Jason Hope Comments as CRN Warns Internet of Things Not Sustainable

Share Article

A CRN article discusses the proposal from Accenture CTO Paul Daugherty that the Internet of Things be re-focused on the consumer, making it more sustainable. Jason Hope believes the CTO has a point and that this type of focus shift could bring great benefit to developers.

News Image
Consumers find the gadgets interesting, but they quickly abandon them because they lack sustainable value

CRN recently reported on an MIT discussion from Accenture CTO Paul Daugherty discussing the problems facing the current Internet of Things development. Mainly, the focus on technology and gadgets instead of the experience for the consumer is not sustainable. Jason Hope, futurist from Arizona, believes Daugherty's opinion may have some merit.

In the July 13 article entitled "Accenture: Today's Internet of Things Is Not Sustainable," Meghan Ottolini discussed Mr. Daugherty's discussion at a recent MIT event. In the presentation, Daugherty discussed Accenture's take on connected technologies. Instead of calling them the Internet of Things, Accenture proposes a change in focus by calling the entire industry the "Internet of Me."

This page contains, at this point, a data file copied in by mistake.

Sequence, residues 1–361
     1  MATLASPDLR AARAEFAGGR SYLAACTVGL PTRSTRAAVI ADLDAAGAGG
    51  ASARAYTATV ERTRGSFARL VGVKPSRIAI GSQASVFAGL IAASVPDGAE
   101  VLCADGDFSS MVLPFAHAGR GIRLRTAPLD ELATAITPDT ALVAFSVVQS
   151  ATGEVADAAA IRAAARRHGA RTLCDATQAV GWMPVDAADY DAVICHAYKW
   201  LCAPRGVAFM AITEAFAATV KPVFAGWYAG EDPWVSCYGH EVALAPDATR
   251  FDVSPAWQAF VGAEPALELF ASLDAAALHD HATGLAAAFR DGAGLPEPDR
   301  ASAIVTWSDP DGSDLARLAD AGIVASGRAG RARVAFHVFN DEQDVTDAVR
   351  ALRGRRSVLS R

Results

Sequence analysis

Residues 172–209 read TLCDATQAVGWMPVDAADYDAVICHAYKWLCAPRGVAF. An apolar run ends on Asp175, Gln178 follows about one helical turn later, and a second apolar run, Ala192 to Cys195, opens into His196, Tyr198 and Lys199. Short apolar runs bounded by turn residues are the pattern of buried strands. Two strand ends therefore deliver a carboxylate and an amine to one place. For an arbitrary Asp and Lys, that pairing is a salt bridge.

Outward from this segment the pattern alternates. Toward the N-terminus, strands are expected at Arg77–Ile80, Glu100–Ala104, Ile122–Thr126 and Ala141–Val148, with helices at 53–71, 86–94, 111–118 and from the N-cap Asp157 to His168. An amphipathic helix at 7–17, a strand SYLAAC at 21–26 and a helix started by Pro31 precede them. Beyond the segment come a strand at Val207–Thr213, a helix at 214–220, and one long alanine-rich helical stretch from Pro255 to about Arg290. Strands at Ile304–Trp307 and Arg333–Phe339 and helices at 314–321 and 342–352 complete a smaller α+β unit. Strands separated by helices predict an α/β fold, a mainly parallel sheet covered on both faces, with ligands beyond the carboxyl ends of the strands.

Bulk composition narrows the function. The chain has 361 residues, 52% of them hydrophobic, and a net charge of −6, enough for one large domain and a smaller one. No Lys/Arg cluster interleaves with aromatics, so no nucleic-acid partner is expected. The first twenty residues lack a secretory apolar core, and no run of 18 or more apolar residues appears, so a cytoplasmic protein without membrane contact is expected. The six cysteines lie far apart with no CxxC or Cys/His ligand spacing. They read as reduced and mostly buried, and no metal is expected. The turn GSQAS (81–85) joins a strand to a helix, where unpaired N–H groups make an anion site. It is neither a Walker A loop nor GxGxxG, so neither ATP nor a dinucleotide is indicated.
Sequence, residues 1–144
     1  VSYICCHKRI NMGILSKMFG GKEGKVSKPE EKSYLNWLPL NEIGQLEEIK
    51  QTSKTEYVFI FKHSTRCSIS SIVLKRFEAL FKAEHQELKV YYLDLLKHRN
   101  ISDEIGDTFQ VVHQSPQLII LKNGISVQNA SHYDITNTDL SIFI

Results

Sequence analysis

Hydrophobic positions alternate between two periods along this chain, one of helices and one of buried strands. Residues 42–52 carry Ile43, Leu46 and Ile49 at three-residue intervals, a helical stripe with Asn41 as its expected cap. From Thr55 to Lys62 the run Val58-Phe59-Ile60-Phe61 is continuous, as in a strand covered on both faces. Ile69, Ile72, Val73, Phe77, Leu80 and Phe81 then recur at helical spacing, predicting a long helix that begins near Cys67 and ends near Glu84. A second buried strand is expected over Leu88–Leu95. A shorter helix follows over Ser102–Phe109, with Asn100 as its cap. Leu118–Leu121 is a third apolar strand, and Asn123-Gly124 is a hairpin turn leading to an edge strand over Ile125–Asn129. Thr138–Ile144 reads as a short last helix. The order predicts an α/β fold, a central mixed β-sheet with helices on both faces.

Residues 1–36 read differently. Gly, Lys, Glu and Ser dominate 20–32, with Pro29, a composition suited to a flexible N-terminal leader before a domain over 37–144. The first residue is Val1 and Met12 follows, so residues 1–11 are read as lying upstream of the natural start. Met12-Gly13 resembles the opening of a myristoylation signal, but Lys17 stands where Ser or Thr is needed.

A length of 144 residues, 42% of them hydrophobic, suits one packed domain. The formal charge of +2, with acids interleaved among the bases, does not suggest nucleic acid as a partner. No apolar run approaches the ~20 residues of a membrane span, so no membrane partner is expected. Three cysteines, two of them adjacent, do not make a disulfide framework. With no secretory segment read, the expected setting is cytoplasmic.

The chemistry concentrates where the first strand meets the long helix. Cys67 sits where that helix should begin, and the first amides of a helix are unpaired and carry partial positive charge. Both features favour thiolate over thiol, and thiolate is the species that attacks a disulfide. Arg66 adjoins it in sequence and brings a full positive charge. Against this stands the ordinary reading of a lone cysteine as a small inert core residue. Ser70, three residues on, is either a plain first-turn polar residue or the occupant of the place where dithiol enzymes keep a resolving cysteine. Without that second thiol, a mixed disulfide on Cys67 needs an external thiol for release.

While the current push to buy small consumer gadgets is bringing in big business for manufacturers, the problem Daugherty and Accenture see is the way in which they are used. Instead of being used sustainable, consumers are using them as a trend. When the trend fades, they toss the connected device aside for the next gadget. This, over the long-term, will prevent the Internet of Things from being as profitable as manufactures wish. By refocusing development and branding to create a better user experience, companies will see greater profit.

"We believe that a lot of focus on the Internet of Things has been misplaced," said Dauherty. He claimed that Accenture believes a focus on the experience of the consumer is needed, as this will create loyalty that will keep consumers coming back for more.

"This is a valid point," states Jason Hope. "Consider, for instance, wearable technologies. Consumers find the gadgets interesting, but they quickly abandon them because they lack sustainable value." Daugherty pointed out that seven out of ten people would abandon their wearables within a year.

About Jason Hope

Jason Hope is an Arizona native who is a successful entrepreneur. He uses his resources to support research projects and watch the development of technology and the Internet of Things. As a futurist, Hope believes that technology has the power to do great good, if it is developed with the right strategies. Learn more about his work at http://www.jasonhope.com.

Share article on social media or email:

View article via:

Pdf Print

Contact Author

Press Room